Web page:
Excavation is the first step of construction. It refers to the process of
removing soil or rock from its original location, typically in preparation for constructing
foundations, basements, and underground utility lines and for grading of the ground
surface. Excavated material required for backfill or grading fill is stockpiled on the site
for subsequent use. Excavation work I have seen was including bulk excavation, pit
excavation and trench excavation. The main aim of the excavation work is to remove
organic soils or unwanted soil for the safety of the building from chemical attacking.
Excavation shall be carried out to the lines, levels, width, depth and grades and shown 25
on the drawings, directed by the Engineer or as appropriate to the works to be placed in
the excavation.
Pit excavation: It is an excavation made for foundation footing pad with column by
considering working space of 200 up to 300mm to each side of the dimension. Trench
excavation: It is an excavation made for constructing foundation walls stone masonry
with leaving working area for both sides of the wall of specified width on the plan. This
depth is filled by the stone masonry which placed on 5cm thick lean concrete, Stone

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masonry should be laid with specified mortar, well filled joint The stone should be
hard, sound, free from crack and weathering It should be freshly quarried from an
approved quarry, It is not round surface

Figure 2 Labour Doing Excavation Work


 The soil at this site is black cotton soil.
 For the construction of this building excavation is done up to the depth of 8’-9’ as
it is an apartment and has black cotton soil.
 The excavated area is leveled using a tamping rammer.

2.1.5 Foundation work


A structure essentially consists of 2 parts namely superstructure which is above
the plinth level and substructure which is below the plinth level. Substructure or the
foundation is an important element of structure which connects the entire structure to the
ground, and uniformly transfers the load to the foundation soil. The soil on which
foundation rests is called foundation soil. Generally 30% of the total construction cost is
spent on the foundation.

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Foundations have the following purposes:


 To distribute the load of the structure over a large bearing area so as to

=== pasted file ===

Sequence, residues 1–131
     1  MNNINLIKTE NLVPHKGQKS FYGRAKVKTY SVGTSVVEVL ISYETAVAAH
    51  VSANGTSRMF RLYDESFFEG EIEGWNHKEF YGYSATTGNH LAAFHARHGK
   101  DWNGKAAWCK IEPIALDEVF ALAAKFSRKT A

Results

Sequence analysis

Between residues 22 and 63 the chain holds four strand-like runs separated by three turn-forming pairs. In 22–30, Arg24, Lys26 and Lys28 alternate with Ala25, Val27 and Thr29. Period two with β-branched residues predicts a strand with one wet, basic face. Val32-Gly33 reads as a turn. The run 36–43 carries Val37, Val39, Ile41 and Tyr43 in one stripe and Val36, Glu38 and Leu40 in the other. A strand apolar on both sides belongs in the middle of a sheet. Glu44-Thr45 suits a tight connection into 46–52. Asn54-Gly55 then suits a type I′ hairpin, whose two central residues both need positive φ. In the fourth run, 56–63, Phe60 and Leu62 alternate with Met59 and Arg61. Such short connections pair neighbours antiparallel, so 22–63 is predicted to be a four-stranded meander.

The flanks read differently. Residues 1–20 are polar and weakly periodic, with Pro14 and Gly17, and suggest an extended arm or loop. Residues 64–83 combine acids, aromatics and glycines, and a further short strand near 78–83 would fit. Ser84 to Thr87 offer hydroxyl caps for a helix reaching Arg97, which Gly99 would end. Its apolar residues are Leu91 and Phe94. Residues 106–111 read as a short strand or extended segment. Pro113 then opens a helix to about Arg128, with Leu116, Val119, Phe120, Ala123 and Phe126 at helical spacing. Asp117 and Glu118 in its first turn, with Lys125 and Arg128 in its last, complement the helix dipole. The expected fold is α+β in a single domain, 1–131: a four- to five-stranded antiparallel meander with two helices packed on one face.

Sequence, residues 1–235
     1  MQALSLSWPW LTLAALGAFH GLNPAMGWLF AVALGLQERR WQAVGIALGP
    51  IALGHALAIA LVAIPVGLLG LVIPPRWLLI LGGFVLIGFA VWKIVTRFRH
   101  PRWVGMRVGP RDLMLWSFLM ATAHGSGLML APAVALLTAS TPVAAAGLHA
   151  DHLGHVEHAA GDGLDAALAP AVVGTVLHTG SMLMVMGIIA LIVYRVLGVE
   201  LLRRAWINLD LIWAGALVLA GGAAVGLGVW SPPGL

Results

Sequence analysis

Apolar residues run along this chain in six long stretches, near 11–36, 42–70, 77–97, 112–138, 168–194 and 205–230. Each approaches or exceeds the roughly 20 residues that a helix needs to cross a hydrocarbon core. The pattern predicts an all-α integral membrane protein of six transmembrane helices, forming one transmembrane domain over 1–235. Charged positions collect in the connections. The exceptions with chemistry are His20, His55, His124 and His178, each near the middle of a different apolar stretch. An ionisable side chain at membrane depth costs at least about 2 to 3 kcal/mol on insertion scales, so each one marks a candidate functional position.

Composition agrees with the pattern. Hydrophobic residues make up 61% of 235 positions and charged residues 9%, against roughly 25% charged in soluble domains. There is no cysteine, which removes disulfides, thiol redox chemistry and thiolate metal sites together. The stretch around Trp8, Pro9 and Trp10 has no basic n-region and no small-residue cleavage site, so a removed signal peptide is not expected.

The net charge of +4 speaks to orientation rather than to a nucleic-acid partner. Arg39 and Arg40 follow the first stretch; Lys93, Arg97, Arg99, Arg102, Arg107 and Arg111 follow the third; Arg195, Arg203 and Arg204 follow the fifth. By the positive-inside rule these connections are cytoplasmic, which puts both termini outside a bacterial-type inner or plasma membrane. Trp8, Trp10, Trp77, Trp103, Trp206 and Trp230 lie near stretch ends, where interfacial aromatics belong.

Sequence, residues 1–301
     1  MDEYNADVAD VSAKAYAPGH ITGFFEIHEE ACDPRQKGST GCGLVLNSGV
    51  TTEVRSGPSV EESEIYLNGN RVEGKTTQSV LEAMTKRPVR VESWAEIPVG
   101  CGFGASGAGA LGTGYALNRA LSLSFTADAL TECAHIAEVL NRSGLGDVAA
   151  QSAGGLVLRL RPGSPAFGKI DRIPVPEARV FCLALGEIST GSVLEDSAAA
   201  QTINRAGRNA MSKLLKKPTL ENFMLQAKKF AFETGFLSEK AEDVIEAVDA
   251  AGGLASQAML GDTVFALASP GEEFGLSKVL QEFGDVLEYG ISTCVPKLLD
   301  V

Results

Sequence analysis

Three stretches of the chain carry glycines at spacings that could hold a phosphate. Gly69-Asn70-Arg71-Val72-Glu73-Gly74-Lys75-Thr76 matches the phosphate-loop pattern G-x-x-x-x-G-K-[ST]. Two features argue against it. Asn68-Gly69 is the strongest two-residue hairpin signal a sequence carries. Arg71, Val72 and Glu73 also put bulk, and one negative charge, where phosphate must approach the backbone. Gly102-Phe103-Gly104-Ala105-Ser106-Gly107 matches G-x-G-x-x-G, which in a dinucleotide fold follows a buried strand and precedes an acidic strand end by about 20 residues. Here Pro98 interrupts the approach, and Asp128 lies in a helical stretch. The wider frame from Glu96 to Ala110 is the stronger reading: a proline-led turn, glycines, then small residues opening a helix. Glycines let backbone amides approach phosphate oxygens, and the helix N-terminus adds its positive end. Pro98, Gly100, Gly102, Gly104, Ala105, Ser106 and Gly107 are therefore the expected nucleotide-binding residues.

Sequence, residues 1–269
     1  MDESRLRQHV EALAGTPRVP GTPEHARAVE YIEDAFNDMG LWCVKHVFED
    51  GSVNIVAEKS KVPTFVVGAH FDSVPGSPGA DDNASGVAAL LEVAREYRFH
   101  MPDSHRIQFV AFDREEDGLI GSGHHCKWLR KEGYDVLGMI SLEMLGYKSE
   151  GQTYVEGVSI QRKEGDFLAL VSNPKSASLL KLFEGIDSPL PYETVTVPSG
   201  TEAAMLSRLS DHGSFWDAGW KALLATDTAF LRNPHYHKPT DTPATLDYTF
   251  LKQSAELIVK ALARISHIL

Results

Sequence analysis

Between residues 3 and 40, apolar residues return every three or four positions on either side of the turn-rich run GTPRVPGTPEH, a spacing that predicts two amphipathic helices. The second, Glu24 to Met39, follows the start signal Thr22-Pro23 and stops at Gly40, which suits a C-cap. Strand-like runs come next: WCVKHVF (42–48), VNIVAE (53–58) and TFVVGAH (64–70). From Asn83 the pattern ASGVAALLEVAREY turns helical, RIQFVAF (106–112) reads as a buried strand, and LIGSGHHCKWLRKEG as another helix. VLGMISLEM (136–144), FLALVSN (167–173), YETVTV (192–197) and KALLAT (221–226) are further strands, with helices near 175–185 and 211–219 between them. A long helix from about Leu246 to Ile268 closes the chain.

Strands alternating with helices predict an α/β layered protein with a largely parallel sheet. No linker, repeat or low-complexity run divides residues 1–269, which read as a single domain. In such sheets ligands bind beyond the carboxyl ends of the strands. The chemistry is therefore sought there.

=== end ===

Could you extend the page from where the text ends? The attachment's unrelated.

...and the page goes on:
bring intensity of loading with the safe bearing capacity of the soil lying
underneath.
 To load the bearing surface at a uniform rate so as to prevent unequal
settlement.
 To prevent the lateral movement of the supporting materials. To secure a
level and firm bed for building operation.
 To increase the stability of the structure as a whole.
 To ensure safety against undermining and protection against soil
movements.
 To provide even surface for the structure to rest etc
2.1.6 Footing

Figure 3

A concrete support under a foundation that rests in solid ground is known as


footing. Footings distribute the weight of structure over the ground.

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 Isolated rectangular footings are adopted on this site.


Isolated footings are footings which carry a load from a single column.
Reinforcement is provided in the form of steel bars and is placed in both directions.
Under normal conditions, square & rectangular footings are economical for supporting
columns & wall
 Concrete used for footing is of M20 grade.
 Steel used is of Fe 500 grade.
Reinforcement details of the footings are given below.

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Table 2

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2.1.7 Retaining walls


Retaining walls are relatively rigid walls used for supporting the soil mass
laterally so that the soil can be retained at different levels on the two sides.
 First Formwork is done then the concrete is poured inside it.
 In this site all 4 sides are open hence formwork is done by using wooden planks in
all the sides.
 Thickness of the retaining wall is 9” to 12”.
 Reinforcement is also provided in the retaining walls with 10mm bars of Fe500.
2.1.8 Columns
Columns are rigid vertical structural members designed primarily to support axial
compressive loads coming from beams and slabs and then transfer it to ground through
footing.

 The column details are given below in the table:

Table 3